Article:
This is the first book in the William Monk and Hester Latterly series. William is a police officer in the mid 1800’s. Hester Latterly has just returned to England from the Crimean war where she served as a nurse with Florence Nightengale. Monk wakes up in a hospital bed with complete amnesia. Throughout the course of the book, he must confront himself–who he was in the past and who he wishes to become. All the while, trying to untangle a mystery of murder and corruption and tragedy that entangles Hester’s family and the Grey family.

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I am extremely fond of poetry. I love the depth and concise ways of sharing a moment that poetry has. Nothing else compares. It’s funny because brevity is not my strong suit, but the brevity of poetry appeals to me greatly.

When I read a poem, I have this flash of deep enjoyment that I don’t get from anything else. I don’t read poetry often enough. I have pretty large collection of poetry but it is often neglected.

Yesterday I decided to take a collection of Robert Frost’s poems with me as I waited for the bus to drop my children off from school. I read a short poem about a tuft of flowers. The author’s experiences of grass and a tuft of flowers and lone butterfly were transformed into something more meaningful than just brief flash of images and comprehension. It was delightful. Five minutes of my time reading through the poem a couple of times and I felt transformed.

Do you enjoy poetry? Do you have a favorite poet? If you don’t like poetry, what do you dislike about it?

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Recently, I have read several novels by LDS authors. This is certainly uncharacteristic of me as I usually steer clear of LDS lit, with the exception of Anne Perry and Shannon Hale. My main complaints of LDS lit are the almost sappy, syrupy way real-life problems are portrayed and solved and very poor writing. I should admit that I haven’t read recent attempts in the genre and my feelings come from encounters with Jack Weyland and Gerald Lund. I don’t mean to criticize those who read and enjoyed these novels. There certainly is a place for them.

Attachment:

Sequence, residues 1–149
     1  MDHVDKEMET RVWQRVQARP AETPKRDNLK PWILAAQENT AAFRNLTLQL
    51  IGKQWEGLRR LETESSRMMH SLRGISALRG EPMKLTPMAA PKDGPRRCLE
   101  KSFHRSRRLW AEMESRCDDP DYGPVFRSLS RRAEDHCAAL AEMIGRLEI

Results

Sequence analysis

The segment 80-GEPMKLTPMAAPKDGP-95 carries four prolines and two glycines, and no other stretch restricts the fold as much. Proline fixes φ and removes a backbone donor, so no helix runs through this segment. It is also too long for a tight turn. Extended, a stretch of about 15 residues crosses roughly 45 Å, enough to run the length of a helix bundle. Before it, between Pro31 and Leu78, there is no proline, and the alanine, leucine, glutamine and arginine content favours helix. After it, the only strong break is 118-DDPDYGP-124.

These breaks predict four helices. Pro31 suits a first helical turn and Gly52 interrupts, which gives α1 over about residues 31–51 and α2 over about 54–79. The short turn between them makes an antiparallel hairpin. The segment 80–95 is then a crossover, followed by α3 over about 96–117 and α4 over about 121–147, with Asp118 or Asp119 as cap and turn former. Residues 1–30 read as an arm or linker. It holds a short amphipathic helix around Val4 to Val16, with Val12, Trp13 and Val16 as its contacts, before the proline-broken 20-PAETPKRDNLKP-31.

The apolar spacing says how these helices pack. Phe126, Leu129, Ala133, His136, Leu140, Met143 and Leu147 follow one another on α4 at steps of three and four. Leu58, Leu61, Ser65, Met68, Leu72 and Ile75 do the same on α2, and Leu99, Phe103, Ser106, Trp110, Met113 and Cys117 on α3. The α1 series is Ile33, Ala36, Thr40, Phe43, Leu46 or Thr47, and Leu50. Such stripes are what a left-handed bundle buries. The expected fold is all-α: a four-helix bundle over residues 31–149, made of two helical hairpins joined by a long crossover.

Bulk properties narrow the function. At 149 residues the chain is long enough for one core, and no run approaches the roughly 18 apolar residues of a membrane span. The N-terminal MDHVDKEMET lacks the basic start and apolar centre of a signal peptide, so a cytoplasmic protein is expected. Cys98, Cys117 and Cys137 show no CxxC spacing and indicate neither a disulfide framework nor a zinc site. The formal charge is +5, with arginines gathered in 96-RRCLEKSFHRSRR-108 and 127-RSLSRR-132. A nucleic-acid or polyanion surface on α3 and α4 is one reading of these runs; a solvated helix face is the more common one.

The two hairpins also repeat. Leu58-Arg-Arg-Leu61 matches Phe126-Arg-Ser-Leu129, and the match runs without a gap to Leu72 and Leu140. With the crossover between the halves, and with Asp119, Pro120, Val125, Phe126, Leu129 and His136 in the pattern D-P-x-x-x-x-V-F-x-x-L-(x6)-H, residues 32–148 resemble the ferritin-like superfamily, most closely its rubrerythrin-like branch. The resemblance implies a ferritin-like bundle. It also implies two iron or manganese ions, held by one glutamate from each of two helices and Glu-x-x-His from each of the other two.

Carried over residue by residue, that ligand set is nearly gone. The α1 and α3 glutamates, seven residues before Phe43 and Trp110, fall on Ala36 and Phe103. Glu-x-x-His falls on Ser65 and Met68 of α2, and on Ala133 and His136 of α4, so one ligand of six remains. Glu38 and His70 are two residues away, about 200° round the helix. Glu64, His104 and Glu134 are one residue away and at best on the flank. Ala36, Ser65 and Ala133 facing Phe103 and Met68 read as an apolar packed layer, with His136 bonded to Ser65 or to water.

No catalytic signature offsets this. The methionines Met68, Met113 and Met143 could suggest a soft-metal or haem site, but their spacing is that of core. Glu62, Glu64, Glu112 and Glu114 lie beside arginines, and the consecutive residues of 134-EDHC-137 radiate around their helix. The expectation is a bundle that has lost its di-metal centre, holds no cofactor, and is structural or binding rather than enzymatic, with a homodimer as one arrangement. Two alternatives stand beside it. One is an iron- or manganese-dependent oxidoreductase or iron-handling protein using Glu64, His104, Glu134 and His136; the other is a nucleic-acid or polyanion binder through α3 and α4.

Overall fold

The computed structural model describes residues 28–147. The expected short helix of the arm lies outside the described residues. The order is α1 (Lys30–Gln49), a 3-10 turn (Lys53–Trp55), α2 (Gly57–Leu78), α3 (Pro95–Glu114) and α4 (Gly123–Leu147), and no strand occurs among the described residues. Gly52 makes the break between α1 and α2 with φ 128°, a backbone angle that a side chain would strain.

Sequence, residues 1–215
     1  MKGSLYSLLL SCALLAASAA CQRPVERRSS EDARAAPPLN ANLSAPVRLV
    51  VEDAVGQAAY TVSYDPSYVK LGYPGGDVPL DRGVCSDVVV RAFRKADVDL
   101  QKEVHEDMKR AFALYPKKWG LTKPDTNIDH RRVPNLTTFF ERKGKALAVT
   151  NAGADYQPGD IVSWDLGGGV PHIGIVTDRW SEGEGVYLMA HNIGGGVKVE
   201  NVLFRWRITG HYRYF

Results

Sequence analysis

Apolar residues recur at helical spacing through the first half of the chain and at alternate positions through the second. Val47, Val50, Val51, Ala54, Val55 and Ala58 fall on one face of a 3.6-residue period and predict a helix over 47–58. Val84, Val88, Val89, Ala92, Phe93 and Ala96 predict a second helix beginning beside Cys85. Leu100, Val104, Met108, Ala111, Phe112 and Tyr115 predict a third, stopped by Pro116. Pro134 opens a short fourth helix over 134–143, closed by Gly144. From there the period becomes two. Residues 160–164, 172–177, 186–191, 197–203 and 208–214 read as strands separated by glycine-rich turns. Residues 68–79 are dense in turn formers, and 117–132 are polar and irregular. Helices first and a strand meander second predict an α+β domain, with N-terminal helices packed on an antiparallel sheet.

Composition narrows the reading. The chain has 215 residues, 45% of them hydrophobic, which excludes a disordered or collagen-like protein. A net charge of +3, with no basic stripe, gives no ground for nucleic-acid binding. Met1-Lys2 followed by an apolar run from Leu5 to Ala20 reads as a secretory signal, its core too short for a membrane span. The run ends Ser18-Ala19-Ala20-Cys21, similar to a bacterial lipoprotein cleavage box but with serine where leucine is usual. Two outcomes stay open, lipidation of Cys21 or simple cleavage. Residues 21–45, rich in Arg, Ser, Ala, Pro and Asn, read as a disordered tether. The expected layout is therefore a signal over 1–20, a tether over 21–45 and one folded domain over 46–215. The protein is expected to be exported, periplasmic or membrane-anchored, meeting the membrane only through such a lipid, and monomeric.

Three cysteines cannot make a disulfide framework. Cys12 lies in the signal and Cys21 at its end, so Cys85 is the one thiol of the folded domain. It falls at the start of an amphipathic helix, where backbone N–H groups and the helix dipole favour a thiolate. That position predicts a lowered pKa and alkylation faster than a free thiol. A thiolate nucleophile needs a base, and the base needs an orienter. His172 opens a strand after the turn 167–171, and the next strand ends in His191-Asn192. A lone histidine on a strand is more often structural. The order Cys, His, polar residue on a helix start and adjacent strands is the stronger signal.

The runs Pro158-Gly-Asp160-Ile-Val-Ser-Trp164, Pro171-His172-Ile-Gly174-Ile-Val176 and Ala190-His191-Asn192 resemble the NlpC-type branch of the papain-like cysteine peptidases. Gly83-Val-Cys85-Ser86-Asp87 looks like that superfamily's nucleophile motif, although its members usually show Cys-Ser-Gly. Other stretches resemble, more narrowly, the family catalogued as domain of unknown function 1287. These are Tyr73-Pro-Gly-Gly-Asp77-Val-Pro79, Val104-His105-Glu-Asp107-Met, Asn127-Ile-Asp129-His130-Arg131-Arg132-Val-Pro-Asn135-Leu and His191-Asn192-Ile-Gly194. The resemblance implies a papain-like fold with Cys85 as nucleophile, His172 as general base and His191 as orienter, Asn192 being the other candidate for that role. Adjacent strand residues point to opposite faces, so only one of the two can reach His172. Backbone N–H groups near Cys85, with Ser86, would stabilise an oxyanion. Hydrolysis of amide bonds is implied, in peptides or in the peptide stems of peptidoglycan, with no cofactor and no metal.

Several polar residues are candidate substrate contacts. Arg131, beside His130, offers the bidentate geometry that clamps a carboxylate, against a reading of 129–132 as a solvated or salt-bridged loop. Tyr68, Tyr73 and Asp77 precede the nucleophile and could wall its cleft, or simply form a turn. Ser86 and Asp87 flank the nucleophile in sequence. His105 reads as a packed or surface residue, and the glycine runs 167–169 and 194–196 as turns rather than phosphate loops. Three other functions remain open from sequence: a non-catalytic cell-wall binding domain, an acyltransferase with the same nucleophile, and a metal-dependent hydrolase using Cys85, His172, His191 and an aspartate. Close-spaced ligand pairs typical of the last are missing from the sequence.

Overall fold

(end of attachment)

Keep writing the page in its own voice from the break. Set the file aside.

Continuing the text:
But over the course of several weeks I’ve read the Twilight series by Stephenie Meyer (all four of them, but couldn’t finish the fourth, I got bored), Treason by Orson Scott Card (one of his earliest novels), and No Graves As Yet by Anne Perry. These three authors are LDS and for the most part, do not write for an exclusively LDS audience. I think LDS authors most likely struggle with the desire to appeal to the LDS population while writing a novel that appeals in a broad way to a wider audience. These authors always face criticism for how they how they walk the fine line.

In my opinion, I think that Anne Perry writes in such a way that doesn’t alienate either audience. She has a few things going for her that make her less controversial (and I haven’t really heard a lot of criticism of her work that directly offends the general LDS population). 1. Perry writes about characters in a certain time and place, i.e Victorian England and later, England during WWI. Her authenticity would be called under question if said characters didn’t struggle with certain moral issues. 2. She writes mysteries, which, by their very nature deal with the seedier side of human nature. Characters lie, steal, fornicate, commit adultery, drink, take drugs, prostitute themselves, forge, murder, etc. But all of these things happenwithin the moral framework that assumes that all these crimes are morally wrong. 3. Generally, the detectives in the stories have a tremendous compassion for the victims of crime and even the perpetrators. They make compassionate and just judgments based on a strong ethical and moral code. Although William Monk is a more complex character than Pitt or even Joseph Reavley as he has to develop that ethical and moral code while solving mysteries. But the common thread throughout all of Anne Perry’s novels is that sin and crime hurts society in general and individuals in particular. Anne Perry never glorifies crime and sin. She always shows the devastating effects of immoral actions. So an LDS reader could consider the books as morality tales. I would recommend the books to most readers with a caveat. Anne Perry doesn’t sugarcoat the seedy parts of life which include murder, theft, violence, rape and prostitution. However, while Ms. Perry doesn’t shy away from such topics, her descriptions are not graphic nor are they gratuitous.